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Pettus v. United States Bureau of Prisons


June 9, 2009


The opinion of the court was delivered by: Charles R. Breyer United States District Judge


Plaintiff, a prisoner at Florence United States Penitentiary in Colorado ("Florence"), has filed a pro se complaint under Bivens v. Six Unknown Named Agents, 403 U.S. 388 (1971), alleging numerous violations of his federal rights while he was incarcerated at Atwater United States Penitentiary ("Atwater") and Herlong Federal Correctional Institution ("Herlong"), both in California.

Plaintiff's nine claims are as follows. First, Plaintiff alleges that he was deprived of his specific status while in a Special Housing Unit at Atwater and that his life was endangered when three prisoners threatened him with shanks and forced him to reassign himself to the Special Housing Unit. Second, he alleges that he was denied psychiatric evaluation and care at Atwater. Third, Plaintiff alleges that he did not receive all of his mail when he transferred from a previous institution, and was without postage stamps for 48 days once while in lockdown at Atwater. Fourth, he alleges that he was denied a mop, broom, toilet brush other supplies at times while at Atwater. Fifth, Plaintiff alleges that he was denied forms to initiate a grievance process while at Atwater. Sixth, he alleges that he was denied placement in the Special Housing Unit law library, and that the amount of legal materials he was able to receive at Atwater was otherwise restricted. Seventh, Plaintiff alleges that he had to wait from August 27, 2008 until September 16, 2008 to receive a prescribed antidepressant at Herlong. Eighth, he alleges that he had to endure cold showers numerous times at Herlong. Ninth, Plaintiff alleges that a knit cap, two inches of letters, and some legal materials were improperly confiscated upon his transfer from Atwater.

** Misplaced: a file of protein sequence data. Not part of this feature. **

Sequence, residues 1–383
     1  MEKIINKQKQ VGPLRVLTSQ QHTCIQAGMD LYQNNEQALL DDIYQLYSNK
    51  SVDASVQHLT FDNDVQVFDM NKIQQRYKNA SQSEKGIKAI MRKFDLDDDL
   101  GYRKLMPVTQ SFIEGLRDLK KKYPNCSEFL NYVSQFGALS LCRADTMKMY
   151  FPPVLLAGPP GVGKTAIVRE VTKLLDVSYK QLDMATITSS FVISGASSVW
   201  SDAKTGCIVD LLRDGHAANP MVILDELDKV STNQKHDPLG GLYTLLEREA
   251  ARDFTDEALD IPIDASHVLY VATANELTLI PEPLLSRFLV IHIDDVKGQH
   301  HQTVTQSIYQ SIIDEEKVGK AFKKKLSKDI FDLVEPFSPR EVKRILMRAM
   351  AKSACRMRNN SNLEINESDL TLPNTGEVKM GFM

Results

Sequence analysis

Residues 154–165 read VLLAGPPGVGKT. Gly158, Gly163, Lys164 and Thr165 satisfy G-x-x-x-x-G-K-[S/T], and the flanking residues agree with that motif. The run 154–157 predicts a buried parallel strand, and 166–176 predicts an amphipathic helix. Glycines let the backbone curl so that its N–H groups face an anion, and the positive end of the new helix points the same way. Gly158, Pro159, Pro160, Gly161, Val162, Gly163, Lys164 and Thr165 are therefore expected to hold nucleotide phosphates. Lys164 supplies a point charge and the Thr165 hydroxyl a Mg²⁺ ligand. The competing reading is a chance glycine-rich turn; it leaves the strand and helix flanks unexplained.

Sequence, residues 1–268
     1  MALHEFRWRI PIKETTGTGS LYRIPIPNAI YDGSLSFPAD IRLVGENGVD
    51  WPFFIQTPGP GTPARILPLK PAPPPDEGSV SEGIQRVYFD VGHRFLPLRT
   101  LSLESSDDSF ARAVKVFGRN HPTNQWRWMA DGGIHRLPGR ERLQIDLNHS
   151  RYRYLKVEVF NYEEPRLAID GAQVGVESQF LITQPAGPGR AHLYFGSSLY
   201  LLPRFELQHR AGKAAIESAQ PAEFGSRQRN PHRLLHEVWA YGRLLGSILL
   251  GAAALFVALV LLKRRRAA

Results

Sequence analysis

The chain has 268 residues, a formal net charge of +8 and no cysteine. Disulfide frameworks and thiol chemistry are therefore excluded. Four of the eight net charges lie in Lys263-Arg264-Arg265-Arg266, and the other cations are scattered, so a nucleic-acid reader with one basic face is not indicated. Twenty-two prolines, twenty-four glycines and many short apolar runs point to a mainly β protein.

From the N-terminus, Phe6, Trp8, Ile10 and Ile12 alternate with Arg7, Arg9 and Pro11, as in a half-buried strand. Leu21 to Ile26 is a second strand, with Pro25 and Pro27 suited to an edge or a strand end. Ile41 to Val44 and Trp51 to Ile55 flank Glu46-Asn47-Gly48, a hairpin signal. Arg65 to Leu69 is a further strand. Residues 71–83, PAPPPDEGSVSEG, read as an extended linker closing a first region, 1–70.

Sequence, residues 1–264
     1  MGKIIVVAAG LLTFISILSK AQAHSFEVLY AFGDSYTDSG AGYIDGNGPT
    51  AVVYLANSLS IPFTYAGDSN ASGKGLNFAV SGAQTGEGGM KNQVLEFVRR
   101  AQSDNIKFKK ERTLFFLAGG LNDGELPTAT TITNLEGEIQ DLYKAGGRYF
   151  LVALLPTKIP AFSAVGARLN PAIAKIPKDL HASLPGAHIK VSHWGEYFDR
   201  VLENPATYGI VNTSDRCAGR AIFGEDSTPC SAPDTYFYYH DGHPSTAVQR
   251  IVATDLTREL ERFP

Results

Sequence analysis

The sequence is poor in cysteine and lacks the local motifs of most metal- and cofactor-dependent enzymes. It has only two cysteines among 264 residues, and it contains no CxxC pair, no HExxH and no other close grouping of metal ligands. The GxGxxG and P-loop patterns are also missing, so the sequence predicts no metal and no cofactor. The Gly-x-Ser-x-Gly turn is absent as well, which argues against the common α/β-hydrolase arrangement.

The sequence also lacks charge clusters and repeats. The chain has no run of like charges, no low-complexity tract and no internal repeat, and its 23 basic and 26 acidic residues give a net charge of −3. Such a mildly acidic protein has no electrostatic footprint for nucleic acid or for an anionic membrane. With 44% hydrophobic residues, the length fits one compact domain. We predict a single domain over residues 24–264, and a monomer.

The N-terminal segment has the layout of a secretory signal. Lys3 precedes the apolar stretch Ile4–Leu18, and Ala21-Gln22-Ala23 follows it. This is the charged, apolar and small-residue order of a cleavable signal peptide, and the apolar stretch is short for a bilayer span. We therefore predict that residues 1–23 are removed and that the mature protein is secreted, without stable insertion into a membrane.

A. Standard of Review